The legend of the Bell Witch began with the torment of a family, but grew into a statewide fervor of interest. Kate’s station as local lore grew beyond even her own attested power. Much of what is known about the haunting comes from a book published in 1894, seventy-three years after the initial haunting. Historians contest that Jackson never came anywhere near the Bell property. Records reflect that John’s dispute was not with his neighbor Kate, but rather her brother-in-law. As apocryphal as the Witch may be, what is known is her lasting effects on the region and greater consciousness of our culture. The two men on trial for killing a man who claimed to bewitched were acquitted. Some historians trace the cultural motif of the haunted house built on ancient Indian burial ground back to the Bell Witch haunting, a motif that was seen in stories from the  Horror all the way to Scooby Doo. Was there a Bell Witch? Did a real witch curse a man and his family? Did ghosts rise from the grave and descend upon a small farm in rural Tennessee? We’ll never know. The Bell farm is long gone, but the Bell Witch Cave is still there, open to visitors and still a source of paranormal claims, inviting doubters to come down to see if there really is a demon down in Dixie.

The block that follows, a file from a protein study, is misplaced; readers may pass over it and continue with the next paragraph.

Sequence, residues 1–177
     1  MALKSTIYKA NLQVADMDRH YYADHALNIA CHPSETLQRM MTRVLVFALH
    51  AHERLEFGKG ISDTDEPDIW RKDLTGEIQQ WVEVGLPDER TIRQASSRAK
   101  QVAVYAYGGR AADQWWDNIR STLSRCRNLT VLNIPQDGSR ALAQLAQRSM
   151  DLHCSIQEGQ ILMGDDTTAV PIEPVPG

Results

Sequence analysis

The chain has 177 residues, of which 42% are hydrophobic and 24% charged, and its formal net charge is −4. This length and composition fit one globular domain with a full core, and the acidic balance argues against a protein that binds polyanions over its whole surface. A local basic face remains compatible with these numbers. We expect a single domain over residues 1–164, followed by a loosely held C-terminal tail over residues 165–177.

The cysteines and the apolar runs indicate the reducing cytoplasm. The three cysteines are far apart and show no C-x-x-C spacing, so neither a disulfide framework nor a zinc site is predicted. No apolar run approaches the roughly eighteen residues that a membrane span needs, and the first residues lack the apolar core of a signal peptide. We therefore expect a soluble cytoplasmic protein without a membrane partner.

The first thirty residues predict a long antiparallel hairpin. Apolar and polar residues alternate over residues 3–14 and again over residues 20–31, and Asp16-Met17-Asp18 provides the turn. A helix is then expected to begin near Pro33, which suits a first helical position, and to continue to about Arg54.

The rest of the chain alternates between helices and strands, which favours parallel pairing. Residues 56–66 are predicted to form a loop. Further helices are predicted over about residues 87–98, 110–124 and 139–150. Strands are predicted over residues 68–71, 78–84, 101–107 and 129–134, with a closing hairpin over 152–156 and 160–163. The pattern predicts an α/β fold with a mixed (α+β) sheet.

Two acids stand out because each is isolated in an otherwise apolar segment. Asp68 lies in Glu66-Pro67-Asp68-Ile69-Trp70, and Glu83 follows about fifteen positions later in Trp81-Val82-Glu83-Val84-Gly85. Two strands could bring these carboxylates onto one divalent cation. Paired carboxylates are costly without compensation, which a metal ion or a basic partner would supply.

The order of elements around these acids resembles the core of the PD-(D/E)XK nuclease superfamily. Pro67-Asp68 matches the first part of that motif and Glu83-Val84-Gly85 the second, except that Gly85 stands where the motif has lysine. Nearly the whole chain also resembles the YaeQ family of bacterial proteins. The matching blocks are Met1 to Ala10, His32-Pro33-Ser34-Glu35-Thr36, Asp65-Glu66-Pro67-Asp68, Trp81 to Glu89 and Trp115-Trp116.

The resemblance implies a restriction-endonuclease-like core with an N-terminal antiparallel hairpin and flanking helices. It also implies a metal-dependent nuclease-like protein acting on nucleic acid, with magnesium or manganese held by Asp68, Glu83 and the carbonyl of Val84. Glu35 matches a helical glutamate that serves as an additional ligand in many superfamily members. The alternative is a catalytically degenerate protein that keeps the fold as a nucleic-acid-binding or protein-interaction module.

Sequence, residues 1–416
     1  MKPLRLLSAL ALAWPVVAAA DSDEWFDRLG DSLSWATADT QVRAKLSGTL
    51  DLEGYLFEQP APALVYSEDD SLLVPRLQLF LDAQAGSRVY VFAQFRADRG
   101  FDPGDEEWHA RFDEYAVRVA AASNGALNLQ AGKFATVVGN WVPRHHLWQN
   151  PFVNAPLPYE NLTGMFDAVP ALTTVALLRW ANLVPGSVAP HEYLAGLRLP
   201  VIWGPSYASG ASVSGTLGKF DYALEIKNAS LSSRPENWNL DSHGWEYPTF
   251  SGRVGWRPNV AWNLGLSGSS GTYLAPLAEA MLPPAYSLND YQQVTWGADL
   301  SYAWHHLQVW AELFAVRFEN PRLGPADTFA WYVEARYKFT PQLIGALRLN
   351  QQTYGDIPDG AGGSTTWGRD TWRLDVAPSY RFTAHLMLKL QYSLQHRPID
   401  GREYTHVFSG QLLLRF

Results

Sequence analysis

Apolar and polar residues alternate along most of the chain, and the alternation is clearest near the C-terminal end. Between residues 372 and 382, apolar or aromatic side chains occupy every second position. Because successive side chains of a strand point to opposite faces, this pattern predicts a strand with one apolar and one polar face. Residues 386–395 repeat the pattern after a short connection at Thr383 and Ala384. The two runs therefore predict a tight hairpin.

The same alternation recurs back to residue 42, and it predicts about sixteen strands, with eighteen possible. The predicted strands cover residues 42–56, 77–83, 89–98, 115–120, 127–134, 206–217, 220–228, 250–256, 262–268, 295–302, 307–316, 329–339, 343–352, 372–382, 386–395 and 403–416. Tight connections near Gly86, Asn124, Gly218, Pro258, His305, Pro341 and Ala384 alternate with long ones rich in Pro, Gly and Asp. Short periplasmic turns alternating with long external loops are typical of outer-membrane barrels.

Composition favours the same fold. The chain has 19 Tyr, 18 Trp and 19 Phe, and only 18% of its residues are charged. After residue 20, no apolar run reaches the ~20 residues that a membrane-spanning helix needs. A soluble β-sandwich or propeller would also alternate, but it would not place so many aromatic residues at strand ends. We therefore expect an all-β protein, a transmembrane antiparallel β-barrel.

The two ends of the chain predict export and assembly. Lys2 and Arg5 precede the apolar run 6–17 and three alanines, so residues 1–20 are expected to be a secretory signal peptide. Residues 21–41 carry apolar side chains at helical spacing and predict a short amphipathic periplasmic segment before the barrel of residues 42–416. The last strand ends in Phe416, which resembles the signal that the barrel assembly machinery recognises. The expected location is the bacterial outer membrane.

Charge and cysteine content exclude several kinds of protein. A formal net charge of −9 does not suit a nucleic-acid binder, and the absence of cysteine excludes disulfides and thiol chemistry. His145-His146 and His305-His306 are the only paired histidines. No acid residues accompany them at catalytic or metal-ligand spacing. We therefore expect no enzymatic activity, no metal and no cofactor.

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The Author

Robert Penson

Robert Penson

Robert is a writer, musician, and t-shirt enthusiast. Texas born and raised, he lives in Austin. He is a metal vocalist with a concentration in black, grind, and doom. Research interests include history, the occult, and the paranormal.